1 Dimensional Representation of a Gaussian Distribution

In summary, the conversation discusses a method for plotting a 1-dimensional representation of a Gaussian distribution. The speaker suggests picking equally spaced points on the y-axis and drawing lines to the curve y = f(x), then straight down to the x-axis to create points that represent the distribution. However, the difficulty arises when dealing with functions that have a multivalued inverse or a region of constant slope. The solution may involve using the integral of the function instead.
  • #1
dacruick
1,042
1
Hi,

I currently have a Gaussian distribution (Normalized Frequency on the y-axis and a value we can just call x on the x-axis).

So for the sake of simplicity, let's say that I ignore any values below 0 and any values above 1 on the x-axis. Then what I will do is take 10 equal segments (0.1 units in length) of the remaining gaussian distribution. Then this is where I get confused. What I want to have is a 1 dimensional representation of this distribution. The y-axis will be represented by the distances between two x-values. So for example, if the slope between 2 points is a large positive number, the distance between the two points will be decreasing because the frequency is increasing. If the slope is 0, then the distance between the points will be constant, because there is a constant frequency.

Does this make any sense?

I feel like this idea can be easily done and the solution is dangling right in front of me but I just can't seem to get it.

Thank you in advance for any help.

dacruick
 
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  • #2
It sounds like basically what you want to do is plot the values [itex]y = f(x) = \exp(-x^2/2)/\sqrt{2\pi}[/itex] on a number line. Pick 10 (or however many you want) equally spaced values of x, calculate f(x), and then plot the values of f(x) on a number line.
 
  • #3
well that's the thing, I don't want the y values on the number line. I want the x values on the number line. Those x-values cannot be equally spaced, I want the space between the x values to correspond to the y value.

I want the space between the x values to reflect the distribution (frequency). But this will have to be a relative distribution. That I believe is my issue. Since I want to be assigning 10 points in each interval, The spacing cannot be dependent on the height because near the average x value there will be higher frequencies. So it might have to be slope dependent??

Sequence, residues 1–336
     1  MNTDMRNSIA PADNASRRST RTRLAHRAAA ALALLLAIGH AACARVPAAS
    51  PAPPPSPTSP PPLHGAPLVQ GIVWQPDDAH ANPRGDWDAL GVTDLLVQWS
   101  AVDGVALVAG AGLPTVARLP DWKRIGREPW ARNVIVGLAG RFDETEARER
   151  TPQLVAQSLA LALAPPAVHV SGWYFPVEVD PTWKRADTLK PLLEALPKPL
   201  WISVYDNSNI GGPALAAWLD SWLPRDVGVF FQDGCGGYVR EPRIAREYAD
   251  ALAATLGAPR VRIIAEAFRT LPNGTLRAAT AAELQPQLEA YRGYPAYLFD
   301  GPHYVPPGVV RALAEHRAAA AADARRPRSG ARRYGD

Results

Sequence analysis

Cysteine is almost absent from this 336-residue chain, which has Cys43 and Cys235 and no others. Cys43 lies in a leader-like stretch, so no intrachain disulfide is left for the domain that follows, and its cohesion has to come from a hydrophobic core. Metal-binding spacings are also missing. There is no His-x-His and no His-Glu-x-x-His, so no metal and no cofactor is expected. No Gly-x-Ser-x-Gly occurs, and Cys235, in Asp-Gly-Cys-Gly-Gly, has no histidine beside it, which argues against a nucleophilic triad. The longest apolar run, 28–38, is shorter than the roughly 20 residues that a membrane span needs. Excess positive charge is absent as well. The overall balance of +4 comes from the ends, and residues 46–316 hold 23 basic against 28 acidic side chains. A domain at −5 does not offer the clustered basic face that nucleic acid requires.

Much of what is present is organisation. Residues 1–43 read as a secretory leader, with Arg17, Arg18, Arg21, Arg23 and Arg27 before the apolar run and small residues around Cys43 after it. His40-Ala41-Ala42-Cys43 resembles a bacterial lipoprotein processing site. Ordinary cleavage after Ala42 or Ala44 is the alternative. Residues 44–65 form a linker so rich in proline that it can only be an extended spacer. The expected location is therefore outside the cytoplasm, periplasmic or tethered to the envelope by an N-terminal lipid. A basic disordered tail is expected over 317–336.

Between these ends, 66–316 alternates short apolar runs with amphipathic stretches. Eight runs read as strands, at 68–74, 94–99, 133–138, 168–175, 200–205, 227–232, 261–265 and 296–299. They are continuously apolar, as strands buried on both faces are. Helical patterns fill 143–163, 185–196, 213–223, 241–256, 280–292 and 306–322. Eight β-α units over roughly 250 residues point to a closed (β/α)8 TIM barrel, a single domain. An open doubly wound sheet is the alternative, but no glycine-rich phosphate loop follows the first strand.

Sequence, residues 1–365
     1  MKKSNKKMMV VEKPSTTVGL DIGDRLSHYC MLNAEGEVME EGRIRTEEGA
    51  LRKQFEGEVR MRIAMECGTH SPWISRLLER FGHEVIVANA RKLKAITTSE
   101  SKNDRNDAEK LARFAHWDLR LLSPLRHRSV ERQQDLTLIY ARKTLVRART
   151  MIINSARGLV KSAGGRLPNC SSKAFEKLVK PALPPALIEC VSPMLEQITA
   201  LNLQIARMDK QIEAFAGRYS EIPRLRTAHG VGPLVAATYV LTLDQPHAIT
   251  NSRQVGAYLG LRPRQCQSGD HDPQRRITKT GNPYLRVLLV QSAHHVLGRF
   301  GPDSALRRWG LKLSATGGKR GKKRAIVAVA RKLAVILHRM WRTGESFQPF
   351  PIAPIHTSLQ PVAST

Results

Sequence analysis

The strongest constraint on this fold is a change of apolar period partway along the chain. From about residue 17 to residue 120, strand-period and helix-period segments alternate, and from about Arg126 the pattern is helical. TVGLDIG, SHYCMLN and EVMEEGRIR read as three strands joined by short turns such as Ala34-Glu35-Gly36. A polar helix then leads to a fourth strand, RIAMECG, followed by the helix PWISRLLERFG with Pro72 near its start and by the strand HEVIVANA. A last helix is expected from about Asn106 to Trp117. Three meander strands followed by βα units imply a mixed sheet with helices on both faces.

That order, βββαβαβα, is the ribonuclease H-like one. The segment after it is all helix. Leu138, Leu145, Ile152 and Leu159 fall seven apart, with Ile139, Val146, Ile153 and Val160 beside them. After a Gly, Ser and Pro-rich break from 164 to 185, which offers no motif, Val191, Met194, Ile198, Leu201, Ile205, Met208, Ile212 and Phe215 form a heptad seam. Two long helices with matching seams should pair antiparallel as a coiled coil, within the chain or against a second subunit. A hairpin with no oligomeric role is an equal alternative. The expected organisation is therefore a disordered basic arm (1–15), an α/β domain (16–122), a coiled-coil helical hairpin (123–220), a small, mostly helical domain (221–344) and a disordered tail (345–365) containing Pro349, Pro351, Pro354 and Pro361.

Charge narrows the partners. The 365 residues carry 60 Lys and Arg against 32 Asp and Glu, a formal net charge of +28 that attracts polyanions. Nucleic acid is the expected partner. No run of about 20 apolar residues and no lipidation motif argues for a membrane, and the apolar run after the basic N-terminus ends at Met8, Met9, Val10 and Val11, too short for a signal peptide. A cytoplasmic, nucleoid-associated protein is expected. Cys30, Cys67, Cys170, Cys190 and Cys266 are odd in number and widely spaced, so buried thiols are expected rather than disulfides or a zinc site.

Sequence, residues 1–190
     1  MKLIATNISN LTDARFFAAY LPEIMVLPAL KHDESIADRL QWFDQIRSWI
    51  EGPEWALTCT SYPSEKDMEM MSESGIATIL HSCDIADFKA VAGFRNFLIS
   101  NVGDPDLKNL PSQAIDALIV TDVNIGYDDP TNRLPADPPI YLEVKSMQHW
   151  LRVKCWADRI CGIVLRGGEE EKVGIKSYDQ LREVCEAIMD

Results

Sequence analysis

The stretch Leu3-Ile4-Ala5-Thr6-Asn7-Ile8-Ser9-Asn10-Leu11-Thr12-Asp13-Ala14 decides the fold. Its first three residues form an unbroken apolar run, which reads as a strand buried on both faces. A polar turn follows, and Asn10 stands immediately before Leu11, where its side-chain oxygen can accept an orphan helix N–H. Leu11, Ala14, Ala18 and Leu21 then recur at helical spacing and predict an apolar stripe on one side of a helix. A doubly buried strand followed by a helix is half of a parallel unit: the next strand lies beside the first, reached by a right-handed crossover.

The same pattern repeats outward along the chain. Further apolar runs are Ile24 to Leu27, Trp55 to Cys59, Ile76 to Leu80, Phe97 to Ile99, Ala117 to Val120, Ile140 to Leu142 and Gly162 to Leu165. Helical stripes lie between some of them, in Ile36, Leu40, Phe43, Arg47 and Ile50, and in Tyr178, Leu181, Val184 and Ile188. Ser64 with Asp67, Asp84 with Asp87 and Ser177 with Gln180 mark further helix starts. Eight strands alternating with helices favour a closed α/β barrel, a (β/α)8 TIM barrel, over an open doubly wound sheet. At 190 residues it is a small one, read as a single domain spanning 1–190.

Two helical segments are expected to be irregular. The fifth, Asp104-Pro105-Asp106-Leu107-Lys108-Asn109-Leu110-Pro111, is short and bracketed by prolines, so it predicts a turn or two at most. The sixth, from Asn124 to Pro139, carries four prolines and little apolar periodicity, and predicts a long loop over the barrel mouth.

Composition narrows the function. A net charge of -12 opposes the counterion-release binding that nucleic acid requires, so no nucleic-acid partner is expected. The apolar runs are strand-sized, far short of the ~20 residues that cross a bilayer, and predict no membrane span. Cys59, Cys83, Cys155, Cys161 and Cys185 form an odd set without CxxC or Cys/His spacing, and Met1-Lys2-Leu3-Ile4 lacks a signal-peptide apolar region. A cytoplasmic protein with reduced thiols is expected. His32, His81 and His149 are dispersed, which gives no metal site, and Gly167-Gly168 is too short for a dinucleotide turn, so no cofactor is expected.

• #4
Ok, in that case you pretty much do the same thing, just in reverse. Pick ten equally spaced points along the y axis, draw lines from points on the y-axis to the curve y = f(x), then straight down to the x-axis. The points on the x-axis are non-uniformly spaced (for general f(x)) and the distance between them tells you about how f(x) changes.

I've attached a sketch to show you what I mean.

To get exactly what you want, perhaps you want to use f'(x) instead of f(x), but the basic idea is the same. The main issue you might encounter is a function which would have a multivalued inverse (such as a gaussian). For that you'll have to choose a section that's well defined to do this for.

It seems like this still isn't quite what you're looking for, but hopefully it helps give you an idea of what you could do.

EDIT: Actually, what you might want to do this for is the integral of f(x). That way if your function has a region of constant slope, the integral will be linear there, and this method will give you evenly spaced points on the x-axis for that region.
 

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  • #5
this is going to be harder than I thought haha. I don't really see a solution right now.
 

Related to 1 Dimensional Representation of a Gaussian Distribution

1. What is a 1 Dimensional Representation of a Gaussian Distribution?

A 1 Dimensional Representation of a Gaussian Distribution is a way to visually represent data that follows a normal distribution, or a bell-shaped curve. It shows the frequency at which values occur within a single dimension.

2. How is a 1 Dimensional Representation of a Gaussian Distribution created?

A 1 Dimensional Representation of a Gaussian Distribution is created by plotting the frequency of values along a single dimension, such as a number line. The data is then fit to a normal distribution curve, with the mean and standard deviation determining the shape and spread of the curve.

3. What does the mean and standard deviation represent in a 1 Dimensional Representation of a Gaussian Distribution?

The mean represents the center of the curve and the most frequent value in the data. The standard deviation represents the spread of the data, with a larger standard deviation resulting in a wider and flatter curve.

4. What is the importance of a 1 Dimensional Representation of a Gaussian Distribution in scientific research?

A 1 Dimensional Representation of a Gaussian Distribution is important in scientific research because many natural phenomena follow a normal distribution. It allows scientists to analyze and understand data, make predictions, and identify outliers or anomalies.

5. Can a 1 Dimensional Representation of a Gaussian Distribution be used for any type of data?

No, a 1 Dimensional Representation of a Gaussian Distribution is most appropriate for data that follows a normal distribution. If the data has a different distribution, such as a skewed or bimodal distribution, a different type of visualization may be more suitable.

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